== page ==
Public pension plans that underperform their benchmarks more often wind up paying higher fees across all major asset classes, particularly for such alternatives as private equity and hedge funds, said a report from the Center for State and Local Government Excellence and the Boston College Center for Retirement Research.
The report, "How Do Fees Affect Plans' Ability to Beat Their Benchmarks?" showed that on average, plans that reported better net-of-fee performance relative to their blended benchmark from 2011 to 2016 also paid lower overall fees. And although most plans outperform their blended benchmark, data from the report show a correlation between higher fees and worse relative performance.
Data from the report show that the plans that underperformed their benchmarks from 2011 to 2016 had an average expense ratio of 44 basis points, while those that outperformed their benchmarks had an average expense ratio of 34 basis points. The average expense ratio by asset class for plans that outperformed and underperformed their blended portfolio benchmark from 2011 to 2016 was 111 basis points for alternatives that underperformed, vs. 93 for those that outperformed; 25 basis points for fixed-income strategies that underperformed, vs. 20 for those that outperformed; and 31 basis points for equity strategies that underperformed, vs. 30 bps for those that outperformed.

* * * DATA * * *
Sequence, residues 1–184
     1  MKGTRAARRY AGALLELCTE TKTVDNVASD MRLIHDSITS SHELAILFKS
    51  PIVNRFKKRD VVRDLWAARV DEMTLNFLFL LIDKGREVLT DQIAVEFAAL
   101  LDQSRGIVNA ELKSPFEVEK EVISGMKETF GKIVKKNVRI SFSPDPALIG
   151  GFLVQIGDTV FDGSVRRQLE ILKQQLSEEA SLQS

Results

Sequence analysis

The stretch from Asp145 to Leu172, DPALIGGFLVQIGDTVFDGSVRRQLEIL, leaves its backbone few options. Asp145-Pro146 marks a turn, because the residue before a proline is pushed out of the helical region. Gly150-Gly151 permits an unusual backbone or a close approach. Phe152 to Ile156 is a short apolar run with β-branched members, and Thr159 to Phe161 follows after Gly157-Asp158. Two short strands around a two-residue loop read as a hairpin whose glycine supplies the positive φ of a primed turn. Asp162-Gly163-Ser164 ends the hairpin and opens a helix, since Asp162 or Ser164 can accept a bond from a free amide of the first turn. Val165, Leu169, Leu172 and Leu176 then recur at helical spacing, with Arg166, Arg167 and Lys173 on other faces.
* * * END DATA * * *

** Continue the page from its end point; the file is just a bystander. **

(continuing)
Looking at expense ratios across the various asset classes, alternatives charge much higher fees than traditional asset classes such as public equities and fixed income.
The lowest fees — averaging 18 basis points across all plans — are for fixed-income investments, while the highest fees — averaging 136 basis points — are for private equity.
The data was taken from a sample of 83 of the largest public pension systems across the U.S.